In Jewish Law a man betrothed to a woman was considered legally married to her. The word for betrothed in Hebrew is Kiddush, a word that is derived from the Hebrew word Kadash which means "holy" "consecrated," "set apart." Because by betrothal (as in Matthew 1:18; Luke 1:27), or marriage, a woman became the peculiar property of her husband, forbidden to others.

The Oral Law of Kiddushin (Marriages and Engagements) states; "The husband prohibits his wife to the whole world like an object which is dedicated to the Sanctuary" (Kiddushin 2b, Babylonian Talmud).

We know from the Gospel of Matthew 1:14 that Joseph the husband of Mary was a righteous man, a devout law-abiding Jew. Having noticed that Mary was pregnant and that he, her betrothed, had nothing to do with the pregnancy, Joseph had considered putting her away privately since he thought that he was not worthy enough to live with the Mother of God.

His decision to stay with her was made when an angel appeared to him in a dream, saying: "Joseph, son of David, do not fear to take Mary as your wife; for that which is conceived in her is of the Holy Spirit; she will bear a son, and you shall call His name Jesus, for He will save His people from their sins" (Matthew 1:20-21). The angel does not use the phrase for marital union: "go in unto" (as in Genesis 30:3, 4, 16) or "come together" (Matthew 1:18) but merely a word meaning leading her into the house as a wife (paralambano gunaika) but not cohabiting with her.

For when the angel revealed to him that Mary was truly the spouse of the Holy Spirit, Joseph could take Mary, his betrothed, into his house as a wife, but he could never have intercourse with her because according to the Law she was forbidden to him for all time.

Marriage to the Holy Spirit

We also have to take into consideration that when Mary was told by the archangel Gabriel "Behold, you shall conceive in your womb, and bring forth a Son, and you shall call His name Jesus" (Luke 1:31), he also added that this was to come about because "The Holy Spirit will come upon you, and the power of the Most High will overshadow you; therefore the Holy one to be born shall be called the Son of God" (Luke 1:35).

By stating it in those terms the archangel declared to Mary that God would enter into a marital relationship with her, causing her to conceive His Son in her womb, For "to lay one's power (reshuth) over a woman" (Targum to Dt 21:4) was a euphemism for "to have a marital relationship with her."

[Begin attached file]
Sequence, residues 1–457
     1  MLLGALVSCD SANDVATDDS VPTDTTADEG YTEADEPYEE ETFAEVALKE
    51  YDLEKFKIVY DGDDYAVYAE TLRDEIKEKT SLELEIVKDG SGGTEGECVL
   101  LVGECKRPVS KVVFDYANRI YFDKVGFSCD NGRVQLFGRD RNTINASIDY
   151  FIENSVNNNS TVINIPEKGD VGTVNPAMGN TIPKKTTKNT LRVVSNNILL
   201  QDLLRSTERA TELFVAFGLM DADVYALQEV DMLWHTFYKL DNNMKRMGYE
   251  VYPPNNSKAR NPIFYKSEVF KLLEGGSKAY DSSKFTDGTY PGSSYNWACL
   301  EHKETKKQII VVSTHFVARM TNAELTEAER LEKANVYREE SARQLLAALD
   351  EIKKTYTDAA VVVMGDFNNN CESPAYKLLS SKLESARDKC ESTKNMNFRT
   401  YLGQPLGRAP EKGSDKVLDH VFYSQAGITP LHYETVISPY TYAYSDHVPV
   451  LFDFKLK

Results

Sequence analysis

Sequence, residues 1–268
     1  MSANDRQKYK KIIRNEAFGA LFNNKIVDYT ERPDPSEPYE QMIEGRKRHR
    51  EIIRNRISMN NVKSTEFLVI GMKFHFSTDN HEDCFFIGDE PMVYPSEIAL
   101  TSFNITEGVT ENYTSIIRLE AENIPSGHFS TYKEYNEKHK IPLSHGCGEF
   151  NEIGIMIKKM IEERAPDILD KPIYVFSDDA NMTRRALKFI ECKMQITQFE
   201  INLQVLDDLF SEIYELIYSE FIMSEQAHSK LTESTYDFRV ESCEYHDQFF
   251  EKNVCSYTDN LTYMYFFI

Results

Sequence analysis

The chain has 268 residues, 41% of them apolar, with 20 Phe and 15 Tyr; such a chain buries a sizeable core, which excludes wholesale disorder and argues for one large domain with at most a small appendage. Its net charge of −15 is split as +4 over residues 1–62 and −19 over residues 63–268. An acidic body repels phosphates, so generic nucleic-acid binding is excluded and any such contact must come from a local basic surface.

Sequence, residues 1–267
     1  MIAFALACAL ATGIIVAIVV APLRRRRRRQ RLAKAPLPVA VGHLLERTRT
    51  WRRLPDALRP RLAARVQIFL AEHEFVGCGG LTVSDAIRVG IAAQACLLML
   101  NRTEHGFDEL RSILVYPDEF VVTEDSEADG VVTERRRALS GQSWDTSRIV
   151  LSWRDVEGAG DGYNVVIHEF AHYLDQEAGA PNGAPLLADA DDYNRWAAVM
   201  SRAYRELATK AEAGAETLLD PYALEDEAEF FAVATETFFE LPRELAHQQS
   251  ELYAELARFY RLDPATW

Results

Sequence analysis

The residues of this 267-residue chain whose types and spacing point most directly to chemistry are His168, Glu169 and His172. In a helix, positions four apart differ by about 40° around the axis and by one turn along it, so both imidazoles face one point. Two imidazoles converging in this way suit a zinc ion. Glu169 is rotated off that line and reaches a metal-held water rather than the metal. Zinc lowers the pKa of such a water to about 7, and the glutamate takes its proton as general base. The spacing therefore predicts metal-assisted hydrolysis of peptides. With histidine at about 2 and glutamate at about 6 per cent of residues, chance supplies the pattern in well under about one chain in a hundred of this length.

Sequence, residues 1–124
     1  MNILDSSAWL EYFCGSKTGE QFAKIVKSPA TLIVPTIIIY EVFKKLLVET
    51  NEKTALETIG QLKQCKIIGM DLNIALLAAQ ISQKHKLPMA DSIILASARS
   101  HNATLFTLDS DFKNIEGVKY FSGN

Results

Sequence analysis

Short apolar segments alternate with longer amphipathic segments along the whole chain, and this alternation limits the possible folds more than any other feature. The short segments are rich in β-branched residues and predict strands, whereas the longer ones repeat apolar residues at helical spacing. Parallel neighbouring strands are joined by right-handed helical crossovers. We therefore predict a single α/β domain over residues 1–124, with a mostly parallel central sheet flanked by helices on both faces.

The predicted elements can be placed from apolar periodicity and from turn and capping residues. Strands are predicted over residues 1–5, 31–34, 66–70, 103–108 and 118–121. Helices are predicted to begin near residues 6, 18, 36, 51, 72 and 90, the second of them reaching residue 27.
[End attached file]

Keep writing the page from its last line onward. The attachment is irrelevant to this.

Likewise "to overshadow" (Luke 1:35) by spreading the "wing" or "cloak" over a woman was another euphemism for marital relations. Thus, the rabbis commented (Midrash Genesis Rabbah 39.7; Midrash Ruth Rabbah 3.9) that Ruth was chaste in her wording when she asked Boaz to have marital relations with her by saying to him "I am Ruth you handmaid, spread therefore your cloak (literally, "wing": kanaph) over your handmaid for you are my next-of-kin" (Ruth 3:9).

Tallith, another Aramaic-Hebrew word for cloak, is derived from tellal = shadow. Thus, "to spread one's cloak (tallith) over a woman" means to cohabit with her (Kiddushin 18b, see also Mekhilta on Exodus 21:8). Did not the Lord say to His bride Israel: "I am married to you" (Jr 3:14) and "your Maker is your husband"? (Is 54-5:5; Jr 31:32)? And what is more intimate than what the Lord said to His bride: "You developed, you grew, you came to full womanhood; your breasts became firm and your hair grew... you were naked... and I saw that you were now old enough for love so I spread my cloak over you... I gave you My oath, I entered into a covenant with you and you became Mine, says the Lord God." (Ezekiel 16:7, 8)

Mary prohibited to Joseph

Having been enlightened by an angel in a dream regarding her pregnancy, and perhaps further by Mary concerning the words of the archangel Gabriel to her at the Annunciation, Joseph knew that God had conducted himself as a husband in regard to Mary. She was now prohibited to him for all time, and for the sake of the Child and Mary he could only live with her in an absolutely chaste relationship.

Joseph as celibate caretaker

As the recipient of the great revelation that what was conceived in the womb of Mary, his betrothed, was of the Holy Spirit and that the Child to be born was destined to save His people from their sins, surely Joseph knew that he was called to take care of Mary and her Child, the Messiah, for the rest of his life, which is why the angel told him to take Mary as his wife.

We may reasonable assume that Mary herself now shared with him all that the archangel Gabriel said to her. No less a Person than "the Son of God" (Luke 1:35) was to be entrusted to his care under the shelter of his humble home, now become the Holy of Holies.

Jewish tradition mentions that, although the people had to abstain from sexual relations with their wives for only three days prior to the revelation at Mount Sinai (Exodus 19:15), Moses chose to remain continent the rest of his life with the full approval of God. The rabbis explained that this was so because Moses knew that he was appointed to personally commune with God, not only at Mount Sinai but in general throughout the forty years of sojourning in the wilderness. For this reason Moses kept himself "apart from woman," remaining in the sanctity of separation to be at the beck and call of God at all times; they cited God's command to Moses in Deuteronomy 5:28 (Midrash Exodus Rabbah 19:3 and 46.3).

Again, we may be sure that Saint Joseph remained celibate all his life because throughout his married years he was in daily attendance and communication with Jesus, the incarnate Word of God.

Objection: You are not right in teaching that specific acts of virtue increases our own or other people’s chances of reaching heaven. There’s nothing in the Bible that teaches this. My Bible does not even have the verse that teaches this: “But this kind is not cast out but by prayer and fasting.” (Matthew 17:21)